Friday, March 16, 2012

The Trainer as a Change Agent

I would like to relate a story about some recent classes I have had and analyze how they reflect the challenges of the trainer as a change agent in the company.

Twitter in my Classroom

Over the past few weeks I have taught variations on a social networking debate lesson.  The activities and performance tasks varied depending on the group, but the basic elements were the same.  First, we discussed the term social networking and what it means.  Then we changed perspective to that of a company, and discussed why a company would want to engage in social networking sites.  Next, I presented how their company used social networking by bringing up Twitter and Facebook on the projector.  Then I showed them how JetBlue, an American airline uses Twitter with 1.6m followers in its CRM.  Finally, groups were formed to develop possible pros and cons for a company using social networking and they debated their findings.

From @Jetblue
What happened in every single lesson was that I spent much more time than planned explaining how Twitter worked and they debated amongst themselves how horrible it was.  Not one single person was able to see the customer relationship benefit from using social networking.  In fact, one participant even questioned why the company would ever need more than print ads in trade magazines and targeted emails to spread company information, while others in the class nodded in agreement.  I honestly didn't know what to say.  I had expected that Twitter would be new, but not that it would be seen as evil so quickly.  So, in the end, one side had to assume the pro role and with my help find possible benefits. 

This relates to my recent post on the BESIG World Blog, which I was so honored to participate in.  Special thanks to Claire Hart (@claire_hart), Carl Dowse (@carldowse) and Mike Hogan (@irishmikeh).  In the blog post I talked about how we need management support to bring about organizational change.  I use the example of trying to incorporate BELF into communication. 

So what does it take for the English trainer to impact change?

1.  We need a sponsor and a mandate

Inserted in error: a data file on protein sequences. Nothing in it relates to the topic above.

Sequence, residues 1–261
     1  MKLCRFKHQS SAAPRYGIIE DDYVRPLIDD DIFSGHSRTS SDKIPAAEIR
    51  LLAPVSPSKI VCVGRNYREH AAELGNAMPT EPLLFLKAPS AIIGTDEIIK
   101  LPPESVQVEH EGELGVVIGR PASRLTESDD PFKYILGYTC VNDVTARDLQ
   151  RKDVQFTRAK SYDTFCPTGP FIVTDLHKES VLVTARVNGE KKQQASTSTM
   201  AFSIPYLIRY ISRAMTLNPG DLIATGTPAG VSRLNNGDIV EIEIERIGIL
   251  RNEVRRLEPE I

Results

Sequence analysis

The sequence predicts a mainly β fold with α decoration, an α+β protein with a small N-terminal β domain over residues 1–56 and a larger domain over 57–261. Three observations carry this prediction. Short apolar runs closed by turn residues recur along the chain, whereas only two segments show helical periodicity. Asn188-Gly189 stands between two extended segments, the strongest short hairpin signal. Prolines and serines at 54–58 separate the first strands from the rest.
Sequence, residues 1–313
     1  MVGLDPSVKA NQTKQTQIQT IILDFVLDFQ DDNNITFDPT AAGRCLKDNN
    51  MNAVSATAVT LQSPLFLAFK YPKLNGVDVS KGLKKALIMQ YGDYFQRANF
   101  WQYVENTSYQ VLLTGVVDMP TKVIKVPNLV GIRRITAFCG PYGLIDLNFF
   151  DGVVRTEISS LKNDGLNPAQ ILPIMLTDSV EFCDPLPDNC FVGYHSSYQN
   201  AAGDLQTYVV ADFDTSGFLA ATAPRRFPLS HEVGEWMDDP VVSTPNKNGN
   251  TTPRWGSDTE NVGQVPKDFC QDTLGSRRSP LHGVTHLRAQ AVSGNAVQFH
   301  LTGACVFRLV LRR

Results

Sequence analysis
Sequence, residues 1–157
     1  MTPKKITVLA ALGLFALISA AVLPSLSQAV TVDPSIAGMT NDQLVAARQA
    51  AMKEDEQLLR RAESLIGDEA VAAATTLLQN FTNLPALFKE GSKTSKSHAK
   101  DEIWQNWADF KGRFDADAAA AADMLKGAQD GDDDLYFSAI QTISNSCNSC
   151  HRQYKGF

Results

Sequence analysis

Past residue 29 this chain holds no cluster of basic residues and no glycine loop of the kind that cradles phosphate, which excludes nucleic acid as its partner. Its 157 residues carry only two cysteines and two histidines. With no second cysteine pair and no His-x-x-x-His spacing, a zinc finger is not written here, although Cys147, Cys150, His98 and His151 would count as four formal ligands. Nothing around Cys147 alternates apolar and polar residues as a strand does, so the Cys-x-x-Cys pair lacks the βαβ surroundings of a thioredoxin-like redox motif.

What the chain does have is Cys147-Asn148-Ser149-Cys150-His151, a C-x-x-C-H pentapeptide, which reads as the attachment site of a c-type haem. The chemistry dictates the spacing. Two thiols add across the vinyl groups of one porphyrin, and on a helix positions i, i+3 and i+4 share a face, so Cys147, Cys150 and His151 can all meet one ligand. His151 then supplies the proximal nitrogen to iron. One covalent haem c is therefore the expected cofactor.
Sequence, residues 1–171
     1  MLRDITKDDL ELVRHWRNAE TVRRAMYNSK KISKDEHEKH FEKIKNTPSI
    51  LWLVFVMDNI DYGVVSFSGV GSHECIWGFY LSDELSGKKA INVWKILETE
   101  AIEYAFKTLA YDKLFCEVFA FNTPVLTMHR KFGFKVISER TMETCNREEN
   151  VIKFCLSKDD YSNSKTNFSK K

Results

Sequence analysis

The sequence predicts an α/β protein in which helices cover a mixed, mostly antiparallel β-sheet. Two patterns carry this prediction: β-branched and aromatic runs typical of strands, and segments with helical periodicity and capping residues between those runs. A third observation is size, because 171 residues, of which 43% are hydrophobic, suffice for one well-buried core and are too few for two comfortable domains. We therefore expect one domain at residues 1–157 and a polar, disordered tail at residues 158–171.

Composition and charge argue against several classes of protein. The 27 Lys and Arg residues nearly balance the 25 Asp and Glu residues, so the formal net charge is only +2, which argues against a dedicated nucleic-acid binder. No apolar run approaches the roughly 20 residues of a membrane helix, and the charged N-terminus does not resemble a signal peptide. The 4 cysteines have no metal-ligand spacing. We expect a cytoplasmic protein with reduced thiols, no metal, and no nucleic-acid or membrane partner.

As I talked about in the BESIG blog, we need managment support and we need to know what they want to change.  A sponsor is worthless without a mandate and vice versa.  The most common change we will probably encounter is communication style.  This includes telephone calls, meetings, presentations, emails, etc.  If we are teaching BEFL, we are teaching a global standard of communication, not only in words and grammar, but also in style, register, and politeness.  This change requires support and understanding from management.  At an organizational level, this means we might be changing company templates and norms.

We also need to know where management wants the organization to go.  Where does the English program fit into strategic objectives?  Are we part of a push to adopt globalization?  Are we part of a program to accept new technologies and knowledge sharing?  If not, forget it.  Teach the lexis, grammar, skills and go home.  If so, how can management support us?  Can they come to the lessons?  Can we include them in email distro lists and blended learning sites?

This means our training needs to be sold as a means to strategic objectives and advertised to the participants as a rounded communication training course.

2.  We need to know how much change is possible

Within any change management program we need to know where we are compared with where the participants are.  We are taught that within any random sample, the results will have a normal distribution and create a bell curve.  Matching this with the Law of Diffusion of Innovation, we should have early adopters, members of the majority, and laggards in the class.